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Respiratory virus surging in China raising concerns about new global pandemic

Unsplash/Joshua Fernandez
Unsplash/Joshua Fernandez

Cases of respiratory illnesses are surging in northern China, especially among children, raising global concerns about a potential new pandemic threat, four years after the emergence of COVID-19 in the country. Chinese health authorities claim the increase is due to a mix of known viruses, coinciding with the country’s first full cold season post the lifting of strict COVID restrictions last December.

On Nov. 13, China’s National Health Commission reported a significant rise in respiratory illnesses, predominantly in children, according to France 24, which, citing authorities, said the increase was linked to the end of COVID restrictions, the onset of the cold season and the circulation of known pathogens, including influenza, mycoplasma pneumonia, respiratory syncytial virus (RSV) and SARS-CoV-2.

Last Monday, ProMED, a public disease surveillance system, highlighted overwhelmed hospitals in Beijing and northeastern Liaoning province due to a pneumonia outbreak. Symptoms observed include fever, lung inflammation without a cough and pulmonary nodules, with no reported deaths.

Several parents at a Beijing children’s hospital confirmed their children had mycoplasma pneumonia, or “walking pneumonia,” a treatable bacterial infection common in children. Similar surges in diseases like RSV and flu were observed in the U.K. and U.S. post-pandemic restrictions, The Telegraph noted. Symptoms of walking pneumonia include sore throat, fatigue and a lingering cough, which can deteriorate into pneumonia in severe cases.

However, the World Health Organization, recalling Beijing’s past opacity during the COVID pandemic, has sought more details from China about these “undiagnosed pneumonia” cases, France 24 said, adding that Beijing assured that no unusual or novel pathogens were detected.

The WHO noted the expected increase in such illnesses with winter’s arrival.

Experts like Francois Balloux from University College London and Paul Hunter from the University of East Anglia suggest the surge is likely due to the end of COVID restrictions and a lack of prior immunity in children. Catherine Bennett from Deakin University in Australia highlighted the reduced exposure of young children in China to common pathogens due to prolonged lockdowns, impacting their immunity levels.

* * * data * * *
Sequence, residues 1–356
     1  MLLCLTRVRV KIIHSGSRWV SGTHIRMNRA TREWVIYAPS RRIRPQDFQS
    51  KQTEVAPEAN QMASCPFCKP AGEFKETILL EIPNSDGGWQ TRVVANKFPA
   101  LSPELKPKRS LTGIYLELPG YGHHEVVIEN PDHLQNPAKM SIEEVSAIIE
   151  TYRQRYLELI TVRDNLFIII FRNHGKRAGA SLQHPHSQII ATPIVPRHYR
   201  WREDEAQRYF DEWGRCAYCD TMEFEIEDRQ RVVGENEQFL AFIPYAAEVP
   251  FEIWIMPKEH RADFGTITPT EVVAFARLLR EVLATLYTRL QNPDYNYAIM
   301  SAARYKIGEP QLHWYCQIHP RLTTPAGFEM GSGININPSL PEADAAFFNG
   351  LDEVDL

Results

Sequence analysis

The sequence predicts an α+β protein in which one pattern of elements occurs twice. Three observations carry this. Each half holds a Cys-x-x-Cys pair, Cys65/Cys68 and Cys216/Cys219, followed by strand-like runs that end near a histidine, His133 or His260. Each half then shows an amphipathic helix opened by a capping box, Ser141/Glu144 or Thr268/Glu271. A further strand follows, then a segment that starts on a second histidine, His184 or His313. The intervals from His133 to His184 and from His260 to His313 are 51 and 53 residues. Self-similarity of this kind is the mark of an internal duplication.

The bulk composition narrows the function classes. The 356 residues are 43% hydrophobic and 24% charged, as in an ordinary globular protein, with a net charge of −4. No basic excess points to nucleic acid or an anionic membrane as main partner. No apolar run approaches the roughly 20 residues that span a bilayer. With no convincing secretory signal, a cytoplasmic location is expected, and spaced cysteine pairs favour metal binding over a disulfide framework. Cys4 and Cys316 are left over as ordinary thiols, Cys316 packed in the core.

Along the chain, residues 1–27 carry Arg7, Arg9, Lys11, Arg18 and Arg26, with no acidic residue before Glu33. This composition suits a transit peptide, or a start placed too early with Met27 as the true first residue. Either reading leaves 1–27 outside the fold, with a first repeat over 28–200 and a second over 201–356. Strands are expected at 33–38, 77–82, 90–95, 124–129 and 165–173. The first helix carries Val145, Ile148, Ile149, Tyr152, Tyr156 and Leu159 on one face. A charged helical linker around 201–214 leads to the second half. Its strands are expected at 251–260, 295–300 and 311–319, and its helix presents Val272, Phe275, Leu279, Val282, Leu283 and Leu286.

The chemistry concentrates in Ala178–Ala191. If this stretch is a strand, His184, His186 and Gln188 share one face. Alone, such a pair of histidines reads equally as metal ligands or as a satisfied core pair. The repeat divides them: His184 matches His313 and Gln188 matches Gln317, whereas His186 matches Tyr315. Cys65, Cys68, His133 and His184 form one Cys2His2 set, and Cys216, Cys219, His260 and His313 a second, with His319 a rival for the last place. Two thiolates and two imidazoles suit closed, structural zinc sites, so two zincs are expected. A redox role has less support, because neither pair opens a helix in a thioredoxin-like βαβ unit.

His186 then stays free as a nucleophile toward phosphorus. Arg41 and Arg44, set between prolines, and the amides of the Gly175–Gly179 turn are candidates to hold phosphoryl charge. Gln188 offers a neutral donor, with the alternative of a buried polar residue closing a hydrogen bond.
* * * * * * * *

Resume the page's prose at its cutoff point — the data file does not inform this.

The WHO advises people in affected areas to follow standard precautions against respiratory illnesses, including vaccination, isolation if symptomatic and testing or mask-wearing as needed. It currently advises against travel restrictions to China.

Local media last month reported nationwide hospital increases in infections, often clustered in schools and nurseries, according to the Telegraph. Zhou Huixia of the Chinese PLA General Hospital noted a fierce wave of mycoplasma pneumoniae infections, with more patients showing mixed infections and drug resistance, the newspaper said, adding that Li Yuchuan from Beijing Children’s Hospital described a high level of pediatric respiratory diseases throughout the year, with multiple peaks linked to various pathogens.

The recent surge has also raised concerns about growing antibiotic resistance, as mycoplasma pneumonia increasingly evades macrolides, a preferred treatment class.

The British newspaper cited a February 2022 study, which found macrolide resistance in over 80% of mycoplasma pneumonia cases in hospitalized children in China. However, Chinese experts emphasize the low mortality rate, with few critical cases and no related deaths reported so far.

Some social media images, unverified, show children in schools with intravenous lines, The Times said.

Paul Hunter, professor in medicine at the University of East Anglia, commented on the difficulty in diagnosing the cause but suggested a bacterial rather than viral infection, given the symptoms and pulmonary nodules observed. The predominance of cases in children suggests it’s unlikely a new viral respiratory pathogen, Hunter said.

François Balloux from the UCL Genetics Institute referred to the phenomenon as “immunity debt,” a consequence of the prolonged lockdown in China suppressing the circulation of respiratory bugs and hence decreasing immunity to endemic bugs.

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